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The Boston Globe

Magazine

Miss Conduct

Wearing thin

The skinny on dealing with misplaced compliments about a dramatic weight loss.

> I’ve lost weight due to an illness. I get compliments daily on how great I look, and acquaintances ask me how I’m doing it. “I stopped eating dairy, grains, sugar, and alcohol” is true but implies that my transformation into scary-skinny is by choice. On the other hand, “I can’t keep food in my digestive tract! Doctors are stymied!” seems a bit TMI. How do I get people to stop complimenting me without opening up a personal discussion?

Anonymous / Boston

The exact same thing has happened to me, and it’s awful. I have literal gut-level sympathy for you. To start, it helps  to realize that the emotional and social symptoms of digestive failure are as legitimate as the physical symptoms. That the mood swings and awkward moments didn’t represent some kind of failure to cope — they were, in fact, problems I was coping with. And I coped even better when I stopped blaming myself for them.

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When it comes to the social symptoms, here’s the thing: Our bodies, whether we like it or not, convey information to other people. It’s bad enough when your body betrays you accurately, like when the flu makes you look and smell as nasty as you feel. But things get really awkward when the most likely explanation for your physical state isn’t the correct one. People with invisible disabilities get scowls when they take priority seating or parking. If you are the partner or parent of a person who got a black eye in a fender bender or soccer game, you best learn to walk a social minefield, stock up on arnica gel, and pray.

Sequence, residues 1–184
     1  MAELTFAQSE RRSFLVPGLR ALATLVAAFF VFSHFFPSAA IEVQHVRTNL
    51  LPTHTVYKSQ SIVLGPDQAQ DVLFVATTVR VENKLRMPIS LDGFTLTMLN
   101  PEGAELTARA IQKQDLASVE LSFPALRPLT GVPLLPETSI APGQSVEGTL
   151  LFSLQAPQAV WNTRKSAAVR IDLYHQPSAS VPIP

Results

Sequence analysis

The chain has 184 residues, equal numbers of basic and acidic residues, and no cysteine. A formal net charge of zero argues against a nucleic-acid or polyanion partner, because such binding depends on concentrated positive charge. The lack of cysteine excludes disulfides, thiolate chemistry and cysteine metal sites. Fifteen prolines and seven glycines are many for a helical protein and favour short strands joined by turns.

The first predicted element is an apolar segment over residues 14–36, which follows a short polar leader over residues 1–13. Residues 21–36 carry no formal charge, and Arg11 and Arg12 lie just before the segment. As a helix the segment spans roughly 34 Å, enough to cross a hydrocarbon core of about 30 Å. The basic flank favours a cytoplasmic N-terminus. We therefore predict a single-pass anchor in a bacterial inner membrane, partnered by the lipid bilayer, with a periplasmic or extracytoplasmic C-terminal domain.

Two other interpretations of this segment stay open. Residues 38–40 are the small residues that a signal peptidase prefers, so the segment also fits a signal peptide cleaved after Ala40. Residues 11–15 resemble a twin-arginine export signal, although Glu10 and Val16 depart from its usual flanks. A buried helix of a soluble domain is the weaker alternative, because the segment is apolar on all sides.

You dropped a significant amount of weight in a culture that equates thinness with healthiness and valorizes rapid weight loss, so everyone assumes you meant to and begs for your secret. (For an unpacking of those cultural assumptions, Google the Health at Every Size movement.) Paradoxically, we’re also a culture alert to eating disorders, so some folks may be complimenting you as a roundabout way of seeing if you’re developing a problem. Whatever their motives, yours are to set your boundaries and reassure others.

Here is what you say: “I’m glad you think I look good.” Say this sincerely, but don’t say “thank you.” Complimenting a person’s weight is not appropriate.

“It’s actually some kind of health problem, though.” Say this in an authoritative tone, or as though it were an item of mild curiosity.

“It’s being taken care of.” Briskly. The phrasing, while honest, implies you’re getting better, which lets the person off from feeling as if they should do something about you.

Then change the subject. “Speaking of food,” you say, to convey that eating is not somehow a forbidden topic, “I’ve been thinking of getting a farm share/seeing if there are leftover bagels in the conference room. What do you think?” Say whatever comes to mind. (I’ve been “thinking of getting a farm share” for years and have found it so fecund a conversational topic that actual produce seems by now superfluous.)

This script allows you to take control of the dance, and the other person should and probably will follow your lead. Those who don’t can be shut down with the appropriate balance of justice and mercy.

 Miss Conduct is Robin Abrahams, a writer with a PhD in psychology.

EXPECTING TROUBLE AT FAMILY PARTIES THIS SUMMER?Write to Miss Conduct at missconduct@globe.com for advice. And read her blog at boston.com/missconduct.

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